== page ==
When a dog owner first meets a dog. It is love at first sight. The owner is constantly wondering what can I do for this dog? How can I give it a better future? The dog in turn replies with affection, and suddenly an unimaginable bond is made. However, when something comes into the owner’s life that disrupts this bond, the dog can’t handle it. This is what we mostly see with separation anxiety. Where suddenly this enmeshed couple has been broken up by an external event. Of course, the dog does not know how to handle it, so it will destroy furniture, run around, bark, howl, etc.
When the owner comes home, he does not know what to make out of the situation. Often times, owners are confused, and feel almost betrayed as though the dog intentionally meant to hurt them. Now suddenly this couple in a way has it’s first challenge.
Most of the time we see the next step of separation anxiety at another level where we see dogs that are actually guarding owners. In other words. The dog has become attached with an owner and another person has come in between the two (dog and owner). Now once again the dog has felt alienated and without any cognitive abilities to understand what is going on, all they can do is work based off of their feelings. Once again, the original bond with their owner is being tested.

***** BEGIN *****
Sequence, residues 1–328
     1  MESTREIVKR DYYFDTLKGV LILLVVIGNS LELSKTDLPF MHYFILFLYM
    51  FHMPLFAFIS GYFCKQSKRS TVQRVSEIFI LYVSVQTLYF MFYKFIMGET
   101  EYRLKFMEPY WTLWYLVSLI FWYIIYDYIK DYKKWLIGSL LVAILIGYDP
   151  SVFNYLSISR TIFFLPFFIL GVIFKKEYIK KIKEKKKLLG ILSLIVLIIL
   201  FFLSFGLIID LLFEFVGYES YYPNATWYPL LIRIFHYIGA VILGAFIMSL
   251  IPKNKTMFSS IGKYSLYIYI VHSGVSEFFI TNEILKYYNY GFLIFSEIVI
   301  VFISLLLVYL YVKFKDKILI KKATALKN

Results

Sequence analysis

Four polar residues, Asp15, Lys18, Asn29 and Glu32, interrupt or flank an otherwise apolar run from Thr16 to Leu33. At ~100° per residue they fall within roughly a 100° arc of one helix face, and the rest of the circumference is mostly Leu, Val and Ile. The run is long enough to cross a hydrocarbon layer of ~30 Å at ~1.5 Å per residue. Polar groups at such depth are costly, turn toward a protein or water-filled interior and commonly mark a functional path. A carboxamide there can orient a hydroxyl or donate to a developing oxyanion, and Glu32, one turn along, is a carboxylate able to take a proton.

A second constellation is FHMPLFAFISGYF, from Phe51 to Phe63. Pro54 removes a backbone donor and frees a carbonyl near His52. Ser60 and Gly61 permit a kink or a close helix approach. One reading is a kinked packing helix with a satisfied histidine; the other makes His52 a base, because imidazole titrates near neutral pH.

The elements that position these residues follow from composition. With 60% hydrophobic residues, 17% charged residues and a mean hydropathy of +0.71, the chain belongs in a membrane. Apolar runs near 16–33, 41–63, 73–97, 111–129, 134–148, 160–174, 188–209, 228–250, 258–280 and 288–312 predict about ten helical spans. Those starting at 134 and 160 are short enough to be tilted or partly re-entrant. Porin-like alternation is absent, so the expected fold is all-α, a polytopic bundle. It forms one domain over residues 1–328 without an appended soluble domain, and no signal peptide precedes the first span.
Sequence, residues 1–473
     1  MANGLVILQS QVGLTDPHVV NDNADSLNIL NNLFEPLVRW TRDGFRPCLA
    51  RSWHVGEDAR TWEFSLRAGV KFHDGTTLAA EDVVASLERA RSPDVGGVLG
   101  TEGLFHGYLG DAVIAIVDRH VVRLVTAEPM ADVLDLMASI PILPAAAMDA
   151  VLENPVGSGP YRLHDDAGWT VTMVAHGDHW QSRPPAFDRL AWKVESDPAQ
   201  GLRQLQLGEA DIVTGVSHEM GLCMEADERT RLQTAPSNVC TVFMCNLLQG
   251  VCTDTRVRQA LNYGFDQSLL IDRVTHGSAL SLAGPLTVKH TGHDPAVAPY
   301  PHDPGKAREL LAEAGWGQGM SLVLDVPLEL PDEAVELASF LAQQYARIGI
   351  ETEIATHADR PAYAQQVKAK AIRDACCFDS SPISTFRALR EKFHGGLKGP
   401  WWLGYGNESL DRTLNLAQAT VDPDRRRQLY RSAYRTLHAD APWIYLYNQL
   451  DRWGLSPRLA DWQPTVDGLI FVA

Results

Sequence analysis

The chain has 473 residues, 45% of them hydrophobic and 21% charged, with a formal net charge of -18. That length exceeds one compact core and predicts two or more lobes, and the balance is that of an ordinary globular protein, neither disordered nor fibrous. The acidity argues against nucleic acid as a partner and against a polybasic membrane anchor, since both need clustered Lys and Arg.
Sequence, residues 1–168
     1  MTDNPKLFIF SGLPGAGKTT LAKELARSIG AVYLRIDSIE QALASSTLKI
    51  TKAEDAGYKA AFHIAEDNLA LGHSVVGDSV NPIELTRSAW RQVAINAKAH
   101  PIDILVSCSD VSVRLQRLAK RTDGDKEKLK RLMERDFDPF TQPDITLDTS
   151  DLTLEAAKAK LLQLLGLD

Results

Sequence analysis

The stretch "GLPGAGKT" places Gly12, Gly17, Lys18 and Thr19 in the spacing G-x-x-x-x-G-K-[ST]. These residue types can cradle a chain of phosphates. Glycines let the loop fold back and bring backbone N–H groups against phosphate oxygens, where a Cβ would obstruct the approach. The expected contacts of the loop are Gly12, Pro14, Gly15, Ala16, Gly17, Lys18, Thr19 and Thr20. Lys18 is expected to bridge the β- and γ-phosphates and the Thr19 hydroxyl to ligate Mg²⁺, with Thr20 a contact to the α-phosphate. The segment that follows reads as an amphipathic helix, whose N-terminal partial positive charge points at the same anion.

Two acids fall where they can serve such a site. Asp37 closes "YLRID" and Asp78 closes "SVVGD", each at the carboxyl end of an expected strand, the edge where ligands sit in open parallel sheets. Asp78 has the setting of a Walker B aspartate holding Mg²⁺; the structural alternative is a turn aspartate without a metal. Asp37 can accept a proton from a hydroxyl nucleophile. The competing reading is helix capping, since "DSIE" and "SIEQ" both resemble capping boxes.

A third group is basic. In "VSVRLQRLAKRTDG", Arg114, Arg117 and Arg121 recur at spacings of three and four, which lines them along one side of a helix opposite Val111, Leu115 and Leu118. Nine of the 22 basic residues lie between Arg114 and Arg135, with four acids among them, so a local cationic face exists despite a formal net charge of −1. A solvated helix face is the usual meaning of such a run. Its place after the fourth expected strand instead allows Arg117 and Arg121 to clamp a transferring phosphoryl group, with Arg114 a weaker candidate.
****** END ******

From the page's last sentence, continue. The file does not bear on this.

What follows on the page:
At this point, dogs will do one of two things. They will either submit to the new event the owner’s life or they will fight aggressively against the change that is occurring such to the point of psychological distress. In the cases where dogs have accepted the new event or events that have happened in an owner’s life, it’s better to say that they have to come to peace and acceptance as to what is currently happening in their owner’s lives.
The other extreme alternative, is where the dog does not submit and accept what the new norm is for the owner because no positive association has ever been made prior to, during or after the event. If this is the case, then we should see a dog with an altered mental status, as far as behavior goes. This will take place in the form of either indecisiveness, lack of motivation, lethargy, depression, aggression, fear, loneliness, isolation, lack of wanting to play with other dogs and or people.
The worst of these of course are aggression as this can cause harm to the dog’s owner, other dogs, and random strangers. Which could potentially lead to a dog being rehomed, placed in a shelter, or even euthanized if the dog chooses to act on its aggression towards others.
This is why it’s so crucial to begin socializing and establishing with rules with your dog as early as possible.